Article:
Saturday, May 17, 2008

Inmates say prison food made them sick

By Alex Leary, Times Staff Writer

Published Monday, May 12, 2008 8:51 PM


TALLAHASSEE — Florida's prison system had already fined its food provider $241,000 this year over staffing and supply issues. And then 277 inmates said they became sick last month after eating chili.

The April 25 incident at a Panhandle prison has raised the latest question into the performance of Aramark Corp., which took over prison food service in 2001 as part of former Gov. Jeb Bush's privatization push.

"I think in the past we probably didn't manage the contract as closely as we should have," said Richard Prudom, chief of staff for the Florida Department of Corrections, on Monday. "I think they are just taking a little time catching up. But these fines mean we're serious."

The latest incident happened at Santa Rosa Correctional Institution in Milton. Prisoners complained of diarrhea and upset stomachs. The problems did not persist, and health officials have not determined whether the chili was the cause.

But the situation has added to ongoing trouble for Aramark, a powerful Philadelphia company that has been at the forefront of outsourcing efforts nationwide.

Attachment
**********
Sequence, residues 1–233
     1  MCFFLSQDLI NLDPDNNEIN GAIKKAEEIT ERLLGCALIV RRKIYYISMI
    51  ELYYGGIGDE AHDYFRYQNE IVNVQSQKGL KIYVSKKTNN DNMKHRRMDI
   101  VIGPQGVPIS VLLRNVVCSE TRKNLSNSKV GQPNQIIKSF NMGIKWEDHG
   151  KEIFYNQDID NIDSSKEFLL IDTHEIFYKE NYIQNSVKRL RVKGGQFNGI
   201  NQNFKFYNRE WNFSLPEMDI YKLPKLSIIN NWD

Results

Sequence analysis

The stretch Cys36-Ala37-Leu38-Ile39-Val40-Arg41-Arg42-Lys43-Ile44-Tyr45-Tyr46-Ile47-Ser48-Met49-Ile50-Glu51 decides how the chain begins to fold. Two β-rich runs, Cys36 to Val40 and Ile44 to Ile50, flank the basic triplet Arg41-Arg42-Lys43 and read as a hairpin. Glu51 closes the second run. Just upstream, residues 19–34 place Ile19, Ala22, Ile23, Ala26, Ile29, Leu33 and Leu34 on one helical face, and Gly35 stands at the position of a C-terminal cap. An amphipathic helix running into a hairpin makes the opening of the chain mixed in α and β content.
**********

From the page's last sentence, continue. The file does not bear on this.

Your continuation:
The corporation, which provided the food for the 2000 Republican National Convention and is a major GOP campaign contributor, has faced a wave of bad news recently, including a statewide probe in Connecticut about poor quality and service in public schools.

Already this year, Florida has fined Aramark $241,499 for slow meal delivery, insufficient staffing and other contract violations, according to records obtained by the St. Petersburg Times.

The company is challenging some of the fines.

That is more fines than the state has collected from Aramark in the previous seven years combined.

Some of the heftiest fines were levied this month after quarterly audits showed Aramark was not keeping enough food on hand to serve 100 percent of the prison population.

In an environment with few luxuries or freedoms, the availability of food is a paramount concern, officials say.

"If you mess with someone's food, there's likely going to be inmate unrest," Prudom said, adding the state has increased its quality standards and is paying closer attention to the contract.

Aramark spokeswoman Sarah Jarvis said the company is cooperating with the investigation into the April 25 sickness.

"Over the course of the contract, these types of issues come up and we … immediately correct any that are found to be valid," Jarvis said.

Aramark landed the state contract in 2001 and is currently paid $2.67 per inmate for three meals a day. It serves about 60,000 inmates across Florida and contends it has saved the state $100-million in food costs.

The contract was put out to bid last year, and another company, Oldsmar's Trinity Services Group, won about a third of the state business. Under the new terms, Aramark was required to add new, costlier food items, including French toast and squash. It also had to increase its staff.

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